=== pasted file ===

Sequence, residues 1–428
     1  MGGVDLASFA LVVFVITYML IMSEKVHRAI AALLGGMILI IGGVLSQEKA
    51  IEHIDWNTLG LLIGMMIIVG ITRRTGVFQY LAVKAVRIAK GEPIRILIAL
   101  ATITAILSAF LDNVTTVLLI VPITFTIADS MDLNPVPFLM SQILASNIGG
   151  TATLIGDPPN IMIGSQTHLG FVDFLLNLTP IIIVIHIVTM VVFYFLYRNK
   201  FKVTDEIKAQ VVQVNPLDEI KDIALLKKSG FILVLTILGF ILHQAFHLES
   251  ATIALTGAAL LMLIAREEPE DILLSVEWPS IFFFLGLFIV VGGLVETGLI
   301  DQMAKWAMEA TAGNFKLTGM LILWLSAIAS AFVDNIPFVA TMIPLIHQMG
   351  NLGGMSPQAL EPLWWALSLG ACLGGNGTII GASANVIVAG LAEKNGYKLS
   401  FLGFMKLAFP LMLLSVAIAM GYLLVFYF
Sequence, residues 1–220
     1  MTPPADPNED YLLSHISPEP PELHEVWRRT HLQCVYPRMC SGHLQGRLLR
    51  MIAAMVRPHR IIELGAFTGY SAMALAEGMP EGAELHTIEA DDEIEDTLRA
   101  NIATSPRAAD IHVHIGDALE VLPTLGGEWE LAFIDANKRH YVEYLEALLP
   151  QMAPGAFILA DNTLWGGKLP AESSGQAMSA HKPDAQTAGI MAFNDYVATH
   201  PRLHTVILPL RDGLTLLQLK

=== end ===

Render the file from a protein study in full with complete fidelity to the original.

Sequence, residues 1–428
     1  MGGVDLASFA LVVFVITYML IMSEKVHRAI AALLGGMILI IGGVLSQEKA
    51  IEHIDWNTLG LLIGMMIIVG ITRRTGVFQY LAVKAVRIAK GEPIRILIAL
   101  ATITAILSAF LDNVTTVLLI VPITFTIADS MDLNPVPFLM SQILASNIGG
   151  TATLIGDPPN IMIGSQTHLG FVDFLLNLTP IIIVIHIVTM VVFYFLYRNK
   201  FKVTDEIKAQ VVQVNPLDEI KDIALLKKSG FILVLTILGF ILHQAFHLES
   251  ATIALTGAAL LMLIAREEPE DILLSVEWPS IFFFLGLFIV VGGLVETGLI
   301  DQMAKWAMEA TAGNFKLTGM LILWLSAIAS AFVDNIPFVA TMIPLIHQMG
   351  NLGGMSPQAL EPLWWALSLG ACLGGNGTII GASANVIVAG LAEKNGYKLS
   401  FLGFMKLAFP LMLLSVAIAM GYLLVFYF
Sequence, residues 1–220
     1  MTPPADPNED YLLSHISPEP PELHEVWRRT HLQCVYPRMC SGHLQGRLLR
    51  MIAAMVRPHR IIELGAFTGY SAMALAEGMP EGAELHTIEA DDEIEDTLRA
   101  NIATSPRAAD IHVHIGDALE VLPTLGGEWE LAFIDANKRH YVEYLEALLP
   151  QMAPGAFILA DNTLWGGKLP AESSGQAMSA HKPDAQTAGI MAFNDYVATH
   201  PRLHTVILPL RDGLTLLQLK